South-Western - Management  
Brewing Social Change
Topic Social Responsibility
Key Words social responsibility, Fair Trade
News Story

Coffee is one of the world's most heavily traded commodities, with close to 25 million people relying on it for income. Yet, many farmers and hired laborers live in abject poverty. As president of Peace Coffee, Scott Patterson hopes to help change that by paying a decent price for Fair Trade coffee, and convincing customers that they choose coffee blends grown under conditions that allow farmers to make a decent living.

The company buys organic coffee for about $1.40 a pound directly from farmers' coops in Mexico, Guatemala, and Ethiopia. Then Peace Coffee sells it to American consumers at high-end markets and natural food stores. The prices the company pays are set according to international Fair Trade standards, which guarantee the farmers a minimum of $1.26 per pound. That's nearly three times as much as they would ordinarily get from exploitative middlemen. The farmers, in return, agree to grow the coffee under strict standards of organic farming.

Fair Trade began in Europe in the 1960s. Of $3.6 trillion of all goods exchanged globally each year, Fair Trade products account for only .01%, but that number is growing. Peace Coffee is one of the few companies that specialize in exclusively selling coffee that meets Fair Trade criteria. To label itself as a Fair Trade roaster, a business must deal with farming coops directly, foster long-term relations based on mutual respect, provide advanced credit during harvest to keep farmers out of debt to middlemen, and purchase only from farms that practice chemical-free, sustainable agriculture.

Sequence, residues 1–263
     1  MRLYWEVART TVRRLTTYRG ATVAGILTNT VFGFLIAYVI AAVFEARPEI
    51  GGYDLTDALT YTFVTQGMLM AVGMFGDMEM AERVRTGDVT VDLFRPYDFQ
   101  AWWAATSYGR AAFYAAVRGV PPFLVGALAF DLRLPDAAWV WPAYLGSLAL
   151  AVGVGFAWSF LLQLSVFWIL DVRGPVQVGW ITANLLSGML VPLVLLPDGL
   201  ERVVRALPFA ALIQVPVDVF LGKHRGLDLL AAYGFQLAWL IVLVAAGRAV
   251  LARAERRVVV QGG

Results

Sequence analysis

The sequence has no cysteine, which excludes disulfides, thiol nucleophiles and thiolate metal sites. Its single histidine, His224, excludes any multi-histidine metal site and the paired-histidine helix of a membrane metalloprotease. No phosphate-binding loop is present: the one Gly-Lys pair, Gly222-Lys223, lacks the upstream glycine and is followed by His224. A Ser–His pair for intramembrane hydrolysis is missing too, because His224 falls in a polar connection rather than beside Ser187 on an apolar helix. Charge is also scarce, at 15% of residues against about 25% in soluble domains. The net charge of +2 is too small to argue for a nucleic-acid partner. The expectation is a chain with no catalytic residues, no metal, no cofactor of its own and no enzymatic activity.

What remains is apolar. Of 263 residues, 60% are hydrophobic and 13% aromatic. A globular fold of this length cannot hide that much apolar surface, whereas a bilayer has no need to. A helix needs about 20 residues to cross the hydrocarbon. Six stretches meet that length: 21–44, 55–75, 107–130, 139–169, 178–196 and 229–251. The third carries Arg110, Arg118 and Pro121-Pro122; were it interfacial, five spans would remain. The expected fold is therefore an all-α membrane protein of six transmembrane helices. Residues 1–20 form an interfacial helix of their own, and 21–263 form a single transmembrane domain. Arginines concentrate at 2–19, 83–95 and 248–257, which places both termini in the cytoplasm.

Peace Coffee sells primarily to food coops, independent cafes, and natural food markets. It also has sales through its website. Its goal now is to expand outside of Minneapolis. In keeping with Fair Trade environmental goals, Peace has moved into the Green Institute, located in a state-of-the-art business center built of recycled materials. The offices use recycled rain water for internal plumbing, have a roof garden, and provide changing rooms for employees who bike to work.

Patterson believes that customer support for 100% Fair Trade certified products in the U.S. could ultimately change life for small coffee farmers around the world. Thus far, Fair Trade policies have brought about advances in healthcare, housing and education.


Go to the website TransFair USA at and answer the following questions: What is Fair Trade? Who benefits from Fair Trade, and in what way? Then visit the website for Peace Coffee to learn more about this company and its product - Summarize what you learned?


This company is an example of social responsibility in the extreme. What are some ways other coffee companies can demonstrate social responsibility without becoming a Fair Trade company?

Source "Brewing Social Change," Fortune December 10, 2002
Instructor Discussion Notes Discussion Notes
These notes are restricted to qualified instructors only. Register for free!

Return to the Ethics and Social Responsibility Index

©2004  South-Western.  All Rights Reserved     |